Bulk diffusion of copper into tourmaline, wrong all the way around.

I think that I have not written about the bulk diffusion of copper into tourmaline before on this site because, from the start, it was a suspicion that was support by inept science and pushed by the seeking of status and authority in the gemological world.  The roots of the speculation developed from the most unfortunate fact that unscrupulous elements of the gemstone trade enhanced feldspar by changing its color threw the bulk diffusion of copper.  With copper being the essential element that transforms ordinary tourmaline into highly desired bright neon cyan colored gems “Paraiba”, someone surely has tried to bulk diffuse copper into tourmaline.  And since both feldspar and tourmaline have some chemical similarities the selfsame unscrupulous elements in the trade probably succeeded in producing “Paraiba”.  This would explain why “so much” tourmaline from Mozambique ended up being colored by copper.  I am sure that there were more rationals for the investigation of the bulk diffusion of copper in tourmaline, but I think that the previous summation is adequate for our purposes.

Now that a pathway to fame and fortune had been found, it was essential to beat everyone else to the punch in discovering the devastating truth about copper and tourmaline.  Quickly the forces of modern science and keen observations were brought forward to paint a picture that supported the speculation of bulk diffusion of copper in tourmaline.  Then it was released to the media among accusations of conspiracies and  the technical ineptitude of gemological laboratories in general.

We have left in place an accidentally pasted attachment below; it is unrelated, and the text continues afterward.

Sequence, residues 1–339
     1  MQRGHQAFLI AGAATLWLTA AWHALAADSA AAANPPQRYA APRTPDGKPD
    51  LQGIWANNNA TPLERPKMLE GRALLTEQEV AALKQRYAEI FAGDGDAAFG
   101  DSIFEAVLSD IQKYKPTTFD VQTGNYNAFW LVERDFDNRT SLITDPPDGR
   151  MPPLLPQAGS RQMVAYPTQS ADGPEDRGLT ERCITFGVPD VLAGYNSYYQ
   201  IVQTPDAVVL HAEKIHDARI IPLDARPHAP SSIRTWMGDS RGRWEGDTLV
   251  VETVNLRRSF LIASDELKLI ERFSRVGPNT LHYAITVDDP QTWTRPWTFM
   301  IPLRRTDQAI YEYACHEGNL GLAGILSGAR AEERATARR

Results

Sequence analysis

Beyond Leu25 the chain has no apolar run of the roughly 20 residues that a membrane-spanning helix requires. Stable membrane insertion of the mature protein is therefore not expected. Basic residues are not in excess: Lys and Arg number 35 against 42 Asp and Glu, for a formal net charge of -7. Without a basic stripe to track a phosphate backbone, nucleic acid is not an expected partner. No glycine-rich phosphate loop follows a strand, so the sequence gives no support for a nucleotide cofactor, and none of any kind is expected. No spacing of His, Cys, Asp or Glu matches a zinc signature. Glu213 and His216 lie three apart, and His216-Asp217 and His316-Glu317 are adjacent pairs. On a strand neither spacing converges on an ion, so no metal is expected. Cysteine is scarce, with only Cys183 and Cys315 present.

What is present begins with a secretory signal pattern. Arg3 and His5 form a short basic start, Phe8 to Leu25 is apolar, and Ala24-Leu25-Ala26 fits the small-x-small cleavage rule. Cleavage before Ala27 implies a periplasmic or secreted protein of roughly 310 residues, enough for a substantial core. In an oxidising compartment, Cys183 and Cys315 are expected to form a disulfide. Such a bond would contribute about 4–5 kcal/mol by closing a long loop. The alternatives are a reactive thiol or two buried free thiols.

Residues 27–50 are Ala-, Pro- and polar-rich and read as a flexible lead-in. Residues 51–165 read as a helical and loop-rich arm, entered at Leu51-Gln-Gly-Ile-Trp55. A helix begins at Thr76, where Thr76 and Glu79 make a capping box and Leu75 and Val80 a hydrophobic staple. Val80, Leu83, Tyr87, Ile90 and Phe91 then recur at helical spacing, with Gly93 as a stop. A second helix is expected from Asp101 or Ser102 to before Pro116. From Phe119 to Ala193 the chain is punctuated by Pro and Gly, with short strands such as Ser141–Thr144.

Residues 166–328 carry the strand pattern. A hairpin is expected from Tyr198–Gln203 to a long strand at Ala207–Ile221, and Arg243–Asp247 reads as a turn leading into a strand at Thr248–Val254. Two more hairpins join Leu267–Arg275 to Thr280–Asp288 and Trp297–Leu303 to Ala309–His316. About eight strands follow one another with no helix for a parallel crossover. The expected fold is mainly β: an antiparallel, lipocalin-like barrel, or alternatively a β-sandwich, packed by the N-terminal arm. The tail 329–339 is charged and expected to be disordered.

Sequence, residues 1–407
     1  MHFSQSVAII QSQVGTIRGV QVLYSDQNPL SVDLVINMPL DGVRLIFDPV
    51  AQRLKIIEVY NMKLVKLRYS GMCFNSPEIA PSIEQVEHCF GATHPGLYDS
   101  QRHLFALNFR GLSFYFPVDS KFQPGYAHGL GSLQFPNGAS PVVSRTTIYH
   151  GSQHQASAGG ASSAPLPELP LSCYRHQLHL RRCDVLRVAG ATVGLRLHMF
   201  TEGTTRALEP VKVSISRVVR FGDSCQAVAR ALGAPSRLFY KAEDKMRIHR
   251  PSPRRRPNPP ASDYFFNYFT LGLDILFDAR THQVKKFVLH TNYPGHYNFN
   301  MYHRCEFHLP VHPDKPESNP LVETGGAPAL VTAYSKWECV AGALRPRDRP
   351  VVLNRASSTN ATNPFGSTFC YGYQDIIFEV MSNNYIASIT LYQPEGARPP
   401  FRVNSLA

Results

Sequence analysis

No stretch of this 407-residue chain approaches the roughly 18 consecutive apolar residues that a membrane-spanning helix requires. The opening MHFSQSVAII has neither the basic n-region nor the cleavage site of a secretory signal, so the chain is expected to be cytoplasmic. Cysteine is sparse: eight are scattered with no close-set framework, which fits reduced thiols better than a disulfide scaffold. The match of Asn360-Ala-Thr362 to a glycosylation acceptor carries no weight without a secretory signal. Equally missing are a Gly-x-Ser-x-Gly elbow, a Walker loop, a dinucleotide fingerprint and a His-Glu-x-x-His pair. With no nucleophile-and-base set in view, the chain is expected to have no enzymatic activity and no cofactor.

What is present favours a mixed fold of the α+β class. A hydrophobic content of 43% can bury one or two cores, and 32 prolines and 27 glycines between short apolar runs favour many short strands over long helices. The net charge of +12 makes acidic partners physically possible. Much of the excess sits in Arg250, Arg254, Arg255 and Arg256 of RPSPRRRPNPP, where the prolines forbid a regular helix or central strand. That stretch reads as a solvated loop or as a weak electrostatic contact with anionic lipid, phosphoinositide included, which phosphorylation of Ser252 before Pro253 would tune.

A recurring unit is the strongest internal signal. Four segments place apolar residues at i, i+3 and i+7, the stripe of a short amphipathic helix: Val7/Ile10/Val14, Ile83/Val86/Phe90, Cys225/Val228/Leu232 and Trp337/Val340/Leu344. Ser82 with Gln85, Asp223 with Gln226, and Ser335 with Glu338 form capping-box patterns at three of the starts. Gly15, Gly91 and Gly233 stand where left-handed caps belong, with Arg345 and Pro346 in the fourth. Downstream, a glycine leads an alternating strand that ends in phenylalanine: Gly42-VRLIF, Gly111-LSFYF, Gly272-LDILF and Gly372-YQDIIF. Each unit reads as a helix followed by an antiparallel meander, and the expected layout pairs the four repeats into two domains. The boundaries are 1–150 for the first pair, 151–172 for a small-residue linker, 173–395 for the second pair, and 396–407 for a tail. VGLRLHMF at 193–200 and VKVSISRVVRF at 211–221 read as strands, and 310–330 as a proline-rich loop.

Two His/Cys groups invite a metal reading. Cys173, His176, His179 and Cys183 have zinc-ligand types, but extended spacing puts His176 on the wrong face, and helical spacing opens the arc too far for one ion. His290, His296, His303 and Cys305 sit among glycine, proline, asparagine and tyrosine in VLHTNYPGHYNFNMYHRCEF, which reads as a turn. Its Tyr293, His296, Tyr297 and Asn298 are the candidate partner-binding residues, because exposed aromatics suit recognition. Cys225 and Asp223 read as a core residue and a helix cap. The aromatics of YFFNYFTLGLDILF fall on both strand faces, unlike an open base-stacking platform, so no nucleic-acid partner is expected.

When the smoke cleared, the science of those who claimed in finding bulk diffusion of copper in tourmaline proved to be bogus.   No examples of the bulk diffusion of copper have been founded in the trade.   And using the different diffusion rates of copper’s two isotopes, science stands ready to protect the integrity of your cuprian investment.


About Bruce Fry

I was born in Summit, NJ in 1947 and graduated from Summit High School in 1966. I graduated from the Colorado School of Mines in 1970 and after spending another year in graduate school, I left to see the world of Brazil. After spending some more time discovering myself, I ended up working for the Commonwealth of Pennsylvania for 32 years as an Air Quality Engineer in the Department of Environmental Protection. I retired in 2007 and took up faceting gemstones again after a long hiatus that reached back to my twenties. I had started cutting cabochons when I was 13 and bought my first faceting machine when I was 15, but ran out of money and time until I retired. My great love in gemology is tourmaline and the collection presented here represents my effort to get as much beauty and variety in the colors of tourmaline as I can. I was particularly lucky in being able to get unheated cuprian tourmaline before copper was discovered in gem grade tourmaline from Mozambique.
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